You might wonder why I'm so anxious to associate taxation with protecting your privacy. It's because I believe it's the right place to begin reforming the very soul of taxation--how we experience it. I want it to become something we take great pride in and feel wonderful about paying. I think the government should be giving us awards each time we achieve a new milestone in overall taxes paid. Starting with something as simple as a t-shirt proclaiming that a grateful nation thanks you for your first $10,000 contribution, to an annual parade for whomever manages to pay the most taxes concluding with an honorary dinner at The White House. I think there should be an academic industry that studies nothing but the externalities created by the way our taxes are apportioned and how perfectly they are collected, and a department of government independent of all the others for adjusting the tax code to match spending. It is an inherent conflict of interest to allow the people deciding what and how to spend to also decide where to get the funds. That seems unwise because it can only pollute the perspective they need to objectively decide what and how to spend. Only an independent and transparent agency is fit to determine how to most fairly levy the tax burden. It's an ongoing academic issue that can only be refined via careful study.

A bill for services

The deep fix for taxation is to transform it from a vague cloud that funds government into a bundle of connections that link benefits with the party enjoying them in ways we can explore and verify. This gives us so much more than the mere ability to feel better about paying them--it helps us make lifestyle choices and craft enterprises that are more inherently synergistic. It creates a whole new way to address issues like health care, social security, and welfare. It also forces government to come clean about how it uses it's non-tax revenue (which is probably a lot more than you might expect, easily more than $500/person/year today.)

The synergies go on. When all of these things are combined new opportunities are created. For example, with this approach the income from things like leasing the nations airwaves would ultimately become a credit in our tax accounts. For a minor it can do nothing but accumulate while compounding interest. This is an asset the state could use to fund incarceration of that individual should it become necessary, or to recover damages. Or it could fund a zero interest loan for education or to buy a home. It's a better way to incentivize good behavior from citizens; a carrot instead of a stick. It if was never allowed to go higher than what it would cost to purchase an insurance policy that covered your potential future liability to society, then it would become a source of income fastest to those of us who didn't get into trouble. And protect society from the cost of dealing with those that do.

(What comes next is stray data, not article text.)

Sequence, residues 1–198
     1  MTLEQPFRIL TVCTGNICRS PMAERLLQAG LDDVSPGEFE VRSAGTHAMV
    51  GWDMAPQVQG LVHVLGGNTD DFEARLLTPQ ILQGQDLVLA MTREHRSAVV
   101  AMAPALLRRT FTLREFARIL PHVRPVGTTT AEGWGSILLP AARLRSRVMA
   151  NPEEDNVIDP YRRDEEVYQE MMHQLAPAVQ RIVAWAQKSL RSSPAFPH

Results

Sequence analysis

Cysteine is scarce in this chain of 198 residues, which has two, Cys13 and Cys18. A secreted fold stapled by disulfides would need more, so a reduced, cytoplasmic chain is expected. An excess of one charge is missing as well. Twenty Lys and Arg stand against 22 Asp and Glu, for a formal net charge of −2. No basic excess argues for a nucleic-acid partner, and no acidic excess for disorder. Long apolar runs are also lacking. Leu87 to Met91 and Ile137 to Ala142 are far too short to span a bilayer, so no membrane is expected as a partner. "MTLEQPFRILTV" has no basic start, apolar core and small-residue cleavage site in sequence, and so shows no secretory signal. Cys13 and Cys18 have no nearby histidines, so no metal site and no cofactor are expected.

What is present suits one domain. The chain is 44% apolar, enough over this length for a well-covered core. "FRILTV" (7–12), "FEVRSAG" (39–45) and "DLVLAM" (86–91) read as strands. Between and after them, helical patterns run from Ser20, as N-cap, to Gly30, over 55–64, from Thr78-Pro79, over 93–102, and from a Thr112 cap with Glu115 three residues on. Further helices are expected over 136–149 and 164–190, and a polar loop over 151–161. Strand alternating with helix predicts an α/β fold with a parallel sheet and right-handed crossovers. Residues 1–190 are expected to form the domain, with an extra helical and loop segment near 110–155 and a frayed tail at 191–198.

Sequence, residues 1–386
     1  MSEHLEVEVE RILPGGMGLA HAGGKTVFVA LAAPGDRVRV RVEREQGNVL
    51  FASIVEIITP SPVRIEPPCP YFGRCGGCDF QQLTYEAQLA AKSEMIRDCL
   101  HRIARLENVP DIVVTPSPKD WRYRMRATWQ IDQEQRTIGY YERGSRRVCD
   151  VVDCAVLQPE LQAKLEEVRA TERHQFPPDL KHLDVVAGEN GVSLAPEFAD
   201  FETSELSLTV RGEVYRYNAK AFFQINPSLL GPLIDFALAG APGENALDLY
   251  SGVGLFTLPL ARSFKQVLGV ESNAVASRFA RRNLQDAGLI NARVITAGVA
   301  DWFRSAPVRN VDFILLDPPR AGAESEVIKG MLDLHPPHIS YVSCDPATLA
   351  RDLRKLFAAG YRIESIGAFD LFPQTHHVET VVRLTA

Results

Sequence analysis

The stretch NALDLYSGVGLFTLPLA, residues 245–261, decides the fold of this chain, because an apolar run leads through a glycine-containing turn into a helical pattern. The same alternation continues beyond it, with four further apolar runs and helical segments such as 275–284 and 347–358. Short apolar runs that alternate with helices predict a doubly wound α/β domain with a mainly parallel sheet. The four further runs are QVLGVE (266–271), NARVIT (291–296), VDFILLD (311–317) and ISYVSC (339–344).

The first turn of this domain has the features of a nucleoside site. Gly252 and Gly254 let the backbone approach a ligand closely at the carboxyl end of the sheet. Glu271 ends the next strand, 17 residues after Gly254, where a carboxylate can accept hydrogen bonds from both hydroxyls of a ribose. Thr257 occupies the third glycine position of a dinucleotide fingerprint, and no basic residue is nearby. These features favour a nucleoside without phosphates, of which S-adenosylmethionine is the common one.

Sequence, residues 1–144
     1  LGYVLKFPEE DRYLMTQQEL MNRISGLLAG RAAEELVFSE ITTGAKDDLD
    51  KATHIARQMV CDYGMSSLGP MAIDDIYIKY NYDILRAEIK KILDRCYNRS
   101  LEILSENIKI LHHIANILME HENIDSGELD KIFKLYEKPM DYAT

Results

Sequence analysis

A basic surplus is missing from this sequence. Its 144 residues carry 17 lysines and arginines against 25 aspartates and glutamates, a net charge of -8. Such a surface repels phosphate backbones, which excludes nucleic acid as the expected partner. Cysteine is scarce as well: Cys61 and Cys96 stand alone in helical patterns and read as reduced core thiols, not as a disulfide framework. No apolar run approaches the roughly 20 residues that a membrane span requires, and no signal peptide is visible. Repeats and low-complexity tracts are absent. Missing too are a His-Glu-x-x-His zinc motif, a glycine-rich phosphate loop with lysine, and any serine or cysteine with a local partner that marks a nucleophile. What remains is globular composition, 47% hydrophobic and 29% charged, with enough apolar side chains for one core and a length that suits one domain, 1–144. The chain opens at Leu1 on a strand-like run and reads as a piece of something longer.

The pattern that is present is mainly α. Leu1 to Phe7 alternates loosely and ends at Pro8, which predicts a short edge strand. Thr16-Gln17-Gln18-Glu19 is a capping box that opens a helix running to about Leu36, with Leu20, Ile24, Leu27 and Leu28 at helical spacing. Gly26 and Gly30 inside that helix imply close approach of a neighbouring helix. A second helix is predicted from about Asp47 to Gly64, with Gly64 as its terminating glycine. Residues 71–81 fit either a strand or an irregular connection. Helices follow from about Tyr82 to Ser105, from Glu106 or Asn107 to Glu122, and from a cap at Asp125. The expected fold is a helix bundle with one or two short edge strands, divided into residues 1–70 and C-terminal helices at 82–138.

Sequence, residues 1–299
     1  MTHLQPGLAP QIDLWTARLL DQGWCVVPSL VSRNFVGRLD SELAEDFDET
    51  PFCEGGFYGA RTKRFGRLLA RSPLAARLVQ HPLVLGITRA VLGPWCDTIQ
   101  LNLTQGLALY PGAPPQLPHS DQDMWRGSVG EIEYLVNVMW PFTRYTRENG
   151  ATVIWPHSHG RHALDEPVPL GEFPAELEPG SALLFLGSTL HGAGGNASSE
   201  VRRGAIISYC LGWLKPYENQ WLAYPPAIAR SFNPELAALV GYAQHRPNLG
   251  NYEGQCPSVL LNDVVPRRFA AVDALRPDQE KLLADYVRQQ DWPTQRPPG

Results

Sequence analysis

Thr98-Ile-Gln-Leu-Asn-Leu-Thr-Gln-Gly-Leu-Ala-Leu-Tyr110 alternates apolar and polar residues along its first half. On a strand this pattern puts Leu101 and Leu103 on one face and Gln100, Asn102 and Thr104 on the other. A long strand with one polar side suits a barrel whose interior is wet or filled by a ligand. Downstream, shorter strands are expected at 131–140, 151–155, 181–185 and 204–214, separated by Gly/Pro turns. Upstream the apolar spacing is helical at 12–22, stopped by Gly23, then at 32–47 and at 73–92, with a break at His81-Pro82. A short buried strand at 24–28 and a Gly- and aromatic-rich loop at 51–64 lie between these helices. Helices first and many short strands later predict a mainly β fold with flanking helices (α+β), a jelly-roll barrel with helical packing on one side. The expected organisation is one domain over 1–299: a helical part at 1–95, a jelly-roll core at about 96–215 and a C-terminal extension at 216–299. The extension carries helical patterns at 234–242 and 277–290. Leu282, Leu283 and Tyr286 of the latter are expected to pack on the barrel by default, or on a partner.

Engendering love with respect

When it is possible to see exactly how our taxes are apportioned, managed, and spent--in great detail--we will be a position to feel better about paying them. When we can see that the apportionment has been carefully crafted to be as fair as we're capable of achieving then I believe people will honestly feel good about paying them. And when we experience taxation via a mechanism that is creating an income stream for us and protecting our privacy, then I think we'll actually look forward to it as a sort of score--or measure of our value to those who don't know us.

I believe a government that defines itself as being of the people, by the people, and for the people would realize that making all taxes voluntary is a relatively easy way to ensure that happens. And such a government would look for a way to make paying most taxes collectively voluntary simply because it realized that any government that isn't loved enough by its own citizens to compel them to pay for it really shouldn't last. This is a step towards unwinding the very need for as much government as we have now because it embeds some of the function of government into the process of just doing business.